Steeple Chase
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December 6, 2018, 2:00 PM

St. Nicholas: The Man, The Myth, The Legend



Happy St. Nicholas Day!  Did you know that St. Nicholas is a real Christian saint?  You can read about him and every other saint on the Lutheran calendar in your Resurrection Connection.*

Though he died in 342, the Church worldwide still commemorates his life, death, and witness every year on December 6.  Nicholas was a bishop from Myra, a city in what is now Turkey.  Today, the average temperature in December is 61 degrees Fahrenheit, much too warm for a red suit and stocking cap if you ask me.  Besides that little is known, but according to Philip H. Pfatteicher in New Book of Festivals and Commemorations (Fortress Press: 2008, 598-9):

In the absence of facts, legends abound [Pastor's warning: some of these are not pretty!].  Nicholas as an infant, it is said, refused to nurse on the ancient fast days of Wednesday and Friday.  He aided the poor and once saved three daughters of a poor man from a life of prostitution by throwing a bag of gold through the window of their home for three successive nights for their dowries; he is therefore the patron of virgins, and the three bags are said to have inspired the traditional pawnbroker's sign.  He miraculously reconstituted two or three boys whom an innkeeper had murdered, cut into small pieces, and put in a brine tub to sell as pickled pork.  He saved three unjustly condemned men from death.  He aided sailors who were in distress off the coast of his diocese, and once on a voyage to the Holy Land showed courage on board ship during a storm, thus becoming the patron of sailors.  He attended the Council of Nicaea and gave the heretic Arius a resounding box on the ear.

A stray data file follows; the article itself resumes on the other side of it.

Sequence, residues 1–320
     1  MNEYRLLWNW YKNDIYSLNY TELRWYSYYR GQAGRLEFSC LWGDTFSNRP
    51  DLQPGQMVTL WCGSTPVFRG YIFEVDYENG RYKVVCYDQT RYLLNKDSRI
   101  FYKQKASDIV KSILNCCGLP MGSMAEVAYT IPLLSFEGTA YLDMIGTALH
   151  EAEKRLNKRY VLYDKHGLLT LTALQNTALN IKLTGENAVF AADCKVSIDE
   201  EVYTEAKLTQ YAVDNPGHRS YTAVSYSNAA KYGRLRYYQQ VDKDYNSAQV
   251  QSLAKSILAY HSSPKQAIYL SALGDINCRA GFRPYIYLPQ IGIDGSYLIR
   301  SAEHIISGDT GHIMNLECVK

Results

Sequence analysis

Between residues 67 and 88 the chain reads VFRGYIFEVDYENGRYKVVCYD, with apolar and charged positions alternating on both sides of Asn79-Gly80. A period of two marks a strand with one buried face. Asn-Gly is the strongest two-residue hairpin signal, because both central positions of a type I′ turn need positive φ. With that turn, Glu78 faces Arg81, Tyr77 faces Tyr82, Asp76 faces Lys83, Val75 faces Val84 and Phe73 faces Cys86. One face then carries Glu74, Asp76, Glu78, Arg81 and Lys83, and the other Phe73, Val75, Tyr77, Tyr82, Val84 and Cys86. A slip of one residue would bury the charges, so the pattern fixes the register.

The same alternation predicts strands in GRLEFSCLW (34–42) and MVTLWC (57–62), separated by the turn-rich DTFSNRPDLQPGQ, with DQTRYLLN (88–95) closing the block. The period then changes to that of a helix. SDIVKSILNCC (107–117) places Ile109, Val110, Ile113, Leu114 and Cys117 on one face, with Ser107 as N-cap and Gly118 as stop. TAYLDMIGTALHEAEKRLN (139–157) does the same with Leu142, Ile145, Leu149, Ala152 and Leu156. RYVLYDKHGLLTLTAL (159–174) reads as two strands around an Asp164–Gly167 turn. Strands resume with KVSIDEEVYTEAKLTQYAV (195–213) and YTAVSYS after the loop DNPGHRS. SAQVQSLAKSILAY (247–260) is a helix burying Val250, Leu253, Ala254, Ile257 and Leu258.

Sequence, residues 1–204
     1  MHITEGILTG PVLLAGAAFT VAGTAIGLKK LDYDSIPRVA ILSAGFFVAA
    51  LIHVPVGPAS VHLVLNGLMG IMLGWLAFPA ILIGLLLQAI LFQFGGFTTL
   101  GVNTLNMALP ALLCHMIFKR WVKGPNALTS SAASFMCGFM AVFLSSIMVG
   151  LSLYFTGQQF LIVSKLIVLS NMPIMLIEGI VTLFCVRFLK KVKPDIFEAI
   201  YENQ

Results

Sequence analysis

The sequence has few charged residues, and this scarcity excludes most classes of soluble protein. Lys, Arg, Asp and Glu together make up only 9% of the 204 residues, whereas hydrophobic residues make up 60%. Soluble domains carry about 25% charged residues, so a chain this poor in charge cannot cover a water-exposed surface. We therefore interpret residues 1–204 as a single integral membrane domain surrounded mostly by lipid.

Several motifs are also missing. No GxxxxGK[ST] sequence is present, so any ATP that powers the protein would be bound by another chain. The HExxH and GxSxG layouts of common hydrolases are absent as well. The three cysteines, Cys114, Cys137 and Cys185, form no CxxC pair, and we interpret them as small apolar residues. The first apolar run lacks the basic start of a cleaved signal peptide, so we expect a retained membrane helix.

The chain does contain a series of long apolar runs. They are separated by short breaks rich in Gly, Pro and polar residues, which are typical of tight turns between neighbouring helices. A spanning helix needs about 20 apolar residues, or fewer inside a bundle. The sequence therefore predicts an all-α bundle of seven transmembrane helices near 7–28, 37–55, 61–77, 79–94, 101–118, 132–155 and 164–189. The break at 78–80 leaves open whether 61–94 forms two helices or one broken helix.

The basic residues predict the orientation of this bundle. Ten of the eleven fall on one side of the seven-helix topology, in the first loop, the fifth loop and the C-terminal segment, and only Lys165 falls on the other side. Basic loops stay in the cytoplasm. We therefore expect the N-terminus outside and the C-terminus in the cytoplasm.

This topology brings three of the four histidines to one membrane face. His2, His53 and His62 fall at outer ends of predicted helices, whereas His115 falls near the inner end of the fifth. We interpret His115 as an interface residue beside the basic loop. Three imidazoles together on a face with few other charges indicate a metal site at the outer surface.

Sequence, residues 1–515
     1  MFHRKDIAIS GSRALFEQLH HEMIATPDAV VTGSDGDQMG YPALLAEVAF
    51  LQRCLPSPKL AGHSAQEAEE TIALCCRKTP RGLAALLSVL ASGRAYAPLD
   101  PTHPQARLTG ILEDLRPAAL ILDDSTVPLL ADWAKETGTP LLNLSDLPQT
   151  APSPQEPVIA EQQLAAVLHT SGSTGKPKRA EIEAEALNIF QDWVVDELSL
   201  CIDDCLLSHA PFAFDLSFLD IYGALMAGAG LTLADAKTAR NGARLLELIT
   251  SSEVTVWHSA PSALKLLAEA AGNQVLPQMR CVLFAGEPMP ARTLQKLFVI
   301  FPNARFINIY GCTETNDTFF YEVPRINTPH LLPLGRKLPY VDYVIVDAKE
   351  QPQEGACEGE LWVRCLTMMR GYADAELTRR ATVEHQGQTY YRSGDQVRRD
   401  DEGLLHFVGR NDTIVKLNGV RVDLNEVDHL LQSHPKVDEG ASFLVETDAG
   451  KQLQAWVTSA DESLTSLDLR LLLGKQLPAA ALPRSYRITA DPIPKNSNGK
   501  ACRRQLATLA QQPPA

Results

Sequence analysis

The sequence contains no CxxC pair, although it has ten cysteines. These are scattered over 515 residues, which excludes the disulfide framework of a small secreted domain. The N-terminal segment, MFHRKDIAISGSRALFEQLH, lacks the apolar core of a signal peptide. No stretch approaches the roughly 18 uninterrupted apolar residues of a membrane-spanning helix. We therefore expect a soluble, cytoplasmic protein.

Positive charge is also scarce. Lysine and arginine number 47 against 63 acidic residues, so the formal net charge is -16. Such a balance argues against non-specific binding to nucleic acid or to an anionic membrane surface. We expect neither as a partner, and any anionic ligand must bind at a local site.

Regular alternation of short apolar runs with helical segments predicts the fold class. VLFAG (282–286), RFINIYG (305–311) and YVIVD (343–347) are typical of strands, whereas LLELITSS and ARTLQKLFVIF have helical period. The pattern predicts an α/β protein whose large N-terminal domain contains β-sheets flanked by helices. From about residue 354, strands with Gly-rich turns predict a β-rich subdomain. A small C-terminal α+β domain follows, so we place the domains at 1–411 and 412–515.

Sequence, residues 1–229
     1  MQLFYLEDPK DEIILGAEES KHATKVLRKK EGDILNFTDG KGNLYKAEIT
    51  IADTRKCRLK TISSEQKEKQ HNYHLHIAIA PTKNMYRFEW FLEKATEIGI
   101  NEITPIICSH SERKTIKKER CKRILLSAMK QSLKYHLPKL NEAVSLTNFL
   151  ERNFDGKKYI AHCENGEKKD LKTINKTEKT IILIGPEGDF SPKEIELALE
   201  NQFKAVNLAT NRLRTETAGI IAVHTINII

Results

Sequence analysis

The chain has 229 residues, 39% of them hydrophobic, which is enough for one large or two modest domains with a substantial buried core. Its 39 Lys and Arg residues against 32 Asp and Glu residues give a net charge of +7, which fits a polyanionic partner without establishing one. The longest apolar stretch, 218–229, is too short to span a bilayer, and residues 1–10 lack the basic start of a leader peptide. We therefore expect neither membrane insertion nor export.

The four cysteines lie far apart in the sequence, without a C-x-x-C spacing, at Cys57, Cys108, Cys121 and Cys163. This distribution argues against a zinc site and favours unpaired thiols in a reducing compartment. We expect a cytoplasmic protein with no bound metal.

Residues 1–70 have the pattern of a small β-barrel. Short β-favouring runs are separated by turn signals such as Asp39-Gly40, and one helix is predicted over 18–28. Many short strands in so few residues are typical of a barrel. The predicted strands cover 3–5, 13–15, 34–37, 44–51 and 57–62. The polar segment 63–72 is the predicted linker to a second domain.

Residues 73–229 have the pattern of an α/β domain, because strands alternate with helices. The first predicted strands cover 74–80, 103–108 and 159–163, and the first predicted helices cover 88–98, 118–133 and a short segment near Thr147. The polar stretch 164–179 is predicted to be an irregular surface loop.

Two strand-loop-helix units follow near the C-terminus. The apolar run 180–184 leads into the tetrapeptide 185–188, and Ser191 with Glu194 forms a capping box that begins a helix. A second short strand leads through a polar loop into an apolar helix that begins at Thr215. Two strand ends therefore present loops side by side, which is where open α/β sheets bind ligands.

It is from the Dutch name for Saint Nicholas Sinter Klaas that we get the English "Santa Claus."  As you can see, St. Nicholas has come a long way down the chimeny from 4th century Myra to your home today!  So no matter which tradition, you celebrate:

Happy St. Nicholas Day!

 

*From the Connection: "Little is known about Nicholas, except that he was a bishop in present-day Turkey. According to legend, he was famous for his giving to the poor, and so has become a symbol of anonymous gift-giving."


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